Valid for Submission
G47.32 is a billable diagnosis code used to specify a medical diagnosis of high altitude periodic breathing. The code G47.32 is valid during the fiscal year 2022 from October 01, 2021 through September 30, 2022 for the submission of HIPAA-covered transactions.
The ICD-10-CM code G47.32 might also be used to specify conditions or terms like central sleep apnea caused by high altitude, central sleep apnea syndrome, high altitude periodic breathing, interrupted breathing or respiration intermittent.
Index to Diseases and Injuries
The Index to Diseases and Injuries is an alphabetical listing of medical terms, with each term mapped to one or more ICD-10 code(s). The following references for the code G47.32 are found in the index:
The following clinical terms are approximate synonyms or lay terms that might be used to identify the correct diagnosis code:
- Central sleep apnea caused by high altitude
- Central sleep apnea syndrome
- High altitude periodic breathing
- Interrupted breathing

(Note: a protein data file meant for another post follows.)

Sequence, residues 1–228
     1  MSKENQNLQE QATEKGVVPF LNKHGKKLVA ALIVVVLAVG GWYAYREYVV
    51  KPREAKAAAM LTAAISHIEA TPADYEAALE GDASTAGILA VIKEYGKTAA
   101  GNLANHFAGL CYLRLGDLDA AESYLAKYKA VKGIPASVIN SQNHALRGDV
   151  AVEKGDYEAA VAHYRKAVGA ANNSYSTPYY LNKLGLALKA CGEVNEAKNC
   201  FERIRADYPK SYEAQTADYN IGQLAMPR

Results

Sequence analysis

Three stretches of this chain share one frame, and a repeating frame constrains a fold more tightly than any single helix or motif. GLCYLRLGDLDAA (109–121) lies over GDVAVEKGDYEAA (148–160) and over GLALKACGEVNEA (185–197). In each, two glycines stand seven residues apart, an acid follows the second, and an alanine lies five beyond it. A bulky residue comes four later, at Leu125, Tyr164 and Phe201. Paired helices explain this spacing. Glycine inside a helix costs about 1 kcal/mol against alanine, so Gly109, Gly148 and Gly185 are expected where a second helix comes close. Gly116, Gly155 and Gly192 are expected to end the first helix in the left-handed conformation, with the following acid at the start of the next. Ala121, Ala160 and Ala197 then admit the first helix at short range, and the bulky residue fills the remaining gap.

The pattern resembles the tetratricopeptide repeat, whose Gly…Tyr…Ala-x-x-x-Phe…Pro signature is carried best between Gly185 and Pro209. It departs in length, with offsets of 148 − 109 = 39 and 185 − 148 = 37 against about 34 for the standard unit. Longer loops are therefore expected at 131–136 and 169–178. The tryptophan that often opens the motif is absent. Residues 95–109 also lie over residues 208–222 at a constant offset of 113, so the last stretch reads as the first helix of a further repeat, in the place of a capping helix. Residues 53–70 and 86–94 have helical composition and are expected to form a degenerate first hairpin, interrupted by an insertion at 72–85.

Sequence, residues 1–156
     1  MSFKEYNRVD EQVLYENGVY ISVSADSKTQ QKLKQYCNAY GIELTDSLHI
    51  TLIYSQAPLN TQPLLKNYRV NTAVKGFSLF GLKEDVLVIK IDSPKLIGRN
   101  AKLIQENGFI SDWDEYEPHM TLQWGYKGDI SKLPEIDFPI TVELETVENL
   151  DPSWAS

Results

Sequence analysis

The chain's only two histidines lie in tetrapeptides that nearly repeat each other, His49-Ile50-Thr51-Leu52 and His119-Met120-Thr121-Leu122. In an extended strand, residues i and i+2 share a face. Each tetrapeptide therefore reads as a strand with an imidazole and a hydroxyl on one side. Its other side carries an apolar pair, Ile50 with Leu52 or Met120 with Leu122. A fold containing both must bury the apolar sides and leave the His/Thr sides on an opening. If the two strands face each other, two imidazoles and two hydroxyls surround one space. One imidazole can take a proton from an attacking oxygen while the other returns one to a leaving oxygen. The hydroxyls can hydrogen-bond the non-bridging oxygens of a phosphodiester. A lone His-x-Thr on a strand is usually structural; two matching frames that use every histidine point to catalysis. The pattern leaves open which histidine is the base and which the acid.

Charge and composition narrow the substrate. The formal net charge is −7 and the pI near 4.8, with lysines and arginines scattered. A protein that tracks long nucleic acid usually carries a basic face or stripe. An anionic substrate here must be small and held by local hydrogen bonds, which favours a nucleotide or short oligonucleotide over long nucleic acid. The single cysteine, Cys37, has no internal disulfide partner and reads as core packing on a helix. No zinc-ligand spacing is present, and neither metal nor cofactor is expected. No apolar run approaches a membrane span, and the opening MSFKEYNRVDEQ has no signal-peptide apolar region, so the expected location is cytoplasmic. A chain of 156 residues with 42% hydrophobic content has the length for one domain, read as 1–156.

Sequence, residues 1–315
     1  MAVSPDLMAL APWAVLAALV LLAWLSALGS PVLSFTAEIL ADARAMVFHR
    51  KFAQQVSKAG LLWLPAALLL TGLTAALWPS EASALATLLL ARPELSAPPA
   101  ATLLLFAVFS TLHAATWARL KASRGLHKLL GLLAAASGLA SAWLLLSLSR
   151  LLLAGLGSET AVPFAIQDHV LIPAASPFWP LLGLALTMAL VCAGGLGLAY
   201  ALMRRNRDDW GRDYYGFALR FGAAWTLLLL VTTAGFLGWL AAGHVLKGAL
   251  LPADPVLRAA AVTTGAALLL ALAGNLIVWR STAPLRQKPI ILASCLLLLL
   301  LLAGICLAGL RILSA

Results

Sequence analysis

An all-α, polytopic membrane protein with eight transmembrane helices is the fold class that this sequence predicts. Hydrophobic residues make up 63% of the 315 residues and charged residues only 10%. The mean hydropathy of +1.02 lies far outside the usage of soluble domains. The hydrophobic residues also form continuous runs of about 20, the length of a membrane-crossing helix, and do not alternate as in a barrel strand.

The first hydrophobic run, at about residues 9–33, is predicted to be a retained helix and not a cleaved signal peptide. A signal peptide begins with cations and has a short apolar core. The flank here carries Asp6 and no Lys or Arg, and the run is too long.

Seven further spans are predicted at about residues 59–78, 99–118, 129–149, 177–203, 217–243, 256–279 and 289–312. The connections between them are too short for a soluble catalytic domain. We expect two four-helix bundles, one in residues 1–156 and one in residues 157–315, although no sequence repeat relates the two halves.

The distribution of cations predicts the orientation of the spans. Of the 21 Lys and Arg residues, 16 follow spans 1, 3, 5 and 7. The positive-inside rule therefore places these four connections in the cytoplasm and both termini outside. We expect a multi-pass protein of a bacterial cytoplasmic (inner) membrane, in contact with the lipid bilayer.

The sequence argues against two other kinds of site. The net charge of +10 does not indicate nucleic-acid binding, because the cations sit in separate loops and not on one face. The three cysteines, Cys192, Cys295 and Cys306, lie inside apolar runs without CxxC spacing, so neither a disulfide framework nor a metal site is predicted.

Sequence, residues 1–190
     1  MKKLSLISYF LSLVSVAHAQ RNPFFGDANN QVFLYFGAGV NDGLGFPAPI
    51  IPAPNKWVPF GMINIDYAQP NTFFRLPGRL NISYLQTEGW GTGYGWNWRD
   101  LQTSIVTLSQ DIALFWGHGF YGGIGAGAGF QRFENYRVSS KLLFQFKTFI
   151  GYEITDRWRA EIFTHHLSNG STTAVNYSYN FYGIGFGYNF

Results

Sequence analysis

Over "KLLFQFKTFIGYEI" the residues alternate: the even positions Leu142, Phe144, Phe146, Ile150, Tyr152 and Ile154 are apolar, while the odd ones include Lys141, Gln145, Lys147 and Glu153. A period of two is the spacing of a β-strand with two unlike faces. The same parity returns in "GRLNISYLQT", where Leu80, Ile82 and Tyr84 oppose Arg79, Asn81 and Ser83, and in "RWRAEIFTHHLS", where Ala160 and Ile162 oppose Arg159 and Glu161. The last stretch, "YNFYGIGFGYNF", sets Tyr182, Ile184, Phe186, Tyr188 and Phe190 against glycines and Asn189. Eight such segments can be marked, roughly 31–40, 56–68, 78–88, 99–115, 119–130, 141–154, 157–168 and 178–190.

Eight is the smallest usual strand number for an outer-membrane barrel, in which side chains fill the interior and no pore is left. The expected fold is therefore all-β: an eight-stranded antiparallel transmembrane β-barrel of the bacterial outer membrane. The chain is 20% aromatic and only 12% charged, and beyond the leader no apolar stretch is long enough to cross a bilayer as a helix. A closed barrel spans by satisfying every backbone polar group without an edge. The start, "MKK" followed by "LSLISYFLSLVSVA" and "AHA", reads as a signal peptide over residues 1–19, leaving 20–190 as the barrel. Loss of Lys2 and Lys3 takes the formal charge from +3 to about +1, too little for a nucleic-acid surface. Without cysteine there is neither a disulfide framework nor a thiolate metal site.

- Respiration intermittent
Convert G47.32 to ICD-9 Code
Information for Patients
Sleep apnea is a common disorder that causes your breathing to stop or get very shallow. Breathing pauses can last from a few seconds to minutes. They may occur 30 times or more an hour.
The most common type is obstructive sleep apnea. It causes your airway to collapse or become blocked during sleep. Normal breathing starts again with a snort or choking sound. People with sleep apnea often snore loudly. However, not everyone who snores has sleep apnea.
You are more at risk for sleep apnea if you are overweight, male, or have a family history or small airways. Children with enlarged tonsils or adenoids may also get it.
Doctors diagnose sleep apnea based on medical and family histories, a physical exam, and sleep study results.
When your sleep is interrupted throughout the night, you can be drowsy during the day. People with sleep apnea are at higher risk for car crashes, work-related accidents, and other medical problems. If you have it, it is important to get treatment. Lifestyle changes, mouthpieces, surgery, and breathing devices can treat sleep apnea in many people.
NIH: National Heart, Lung, and Blood Institute
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